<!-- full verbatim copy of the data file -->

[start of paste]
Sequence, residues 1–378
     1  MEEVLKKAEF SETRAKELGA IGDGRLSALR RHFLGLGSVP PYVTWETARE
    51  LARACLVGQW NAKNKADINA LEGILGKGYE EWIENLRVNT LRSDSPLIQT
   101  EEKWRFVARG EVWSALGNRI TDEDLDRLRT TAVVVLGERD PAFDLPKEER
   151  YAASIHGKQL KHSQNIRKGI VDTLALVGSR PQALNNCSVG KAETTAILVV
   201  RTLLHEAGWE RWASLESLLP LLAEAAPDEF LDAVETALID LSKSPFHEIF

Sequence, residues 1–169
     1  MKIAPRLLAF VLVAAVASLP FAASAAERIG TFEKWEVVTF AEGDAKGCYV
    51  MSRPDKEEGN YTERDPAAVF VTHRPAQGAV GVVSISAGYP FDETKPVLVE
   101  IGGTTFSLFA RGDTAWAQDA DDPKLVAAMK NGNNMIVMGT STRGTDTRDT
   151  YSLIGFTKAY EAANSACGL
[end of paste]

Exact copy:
Sequence, residues 1–378
     1  MEEVLKKAEF SETRAKELGA IGDGRLSALR RHFLGLGSVP PYVTWETARE
    51  LARACLVGQW NAKNKADINA LEGILGKGYE EWIENLRVNT LRSDSPLIQT
   101  EEKWRFVARG EVWSALGNRI TDEDLDRLRT TAVVVLGERD PAFDLPKEER
   151  YAASIHGKQL KHSQNIRKGI VDTLALVGSR PQALNNCSVG KAETTAILVV
   201  RTLLHEAGWE RWASLESLLP LLAEAAPDEF LDAVETALID LSKSPFHEIF

Sequence, residues 1–169
     1  MKIAPRLLAF VLVAAVASLP FAASAAERIG TFEKWEVVTF AEGDAKGCYV
    51  MSRPDKEEGN YTERDPAAVF VTHRPAQGAV GVVSISAGYP FDETKPVLVE
   101  IGGTTFSLFA RGDTAWAQDA DDPKLVAAMK NGNNMIVMGT STRGTDTRDT
   151  YSLIGFTKAY EAANSACGL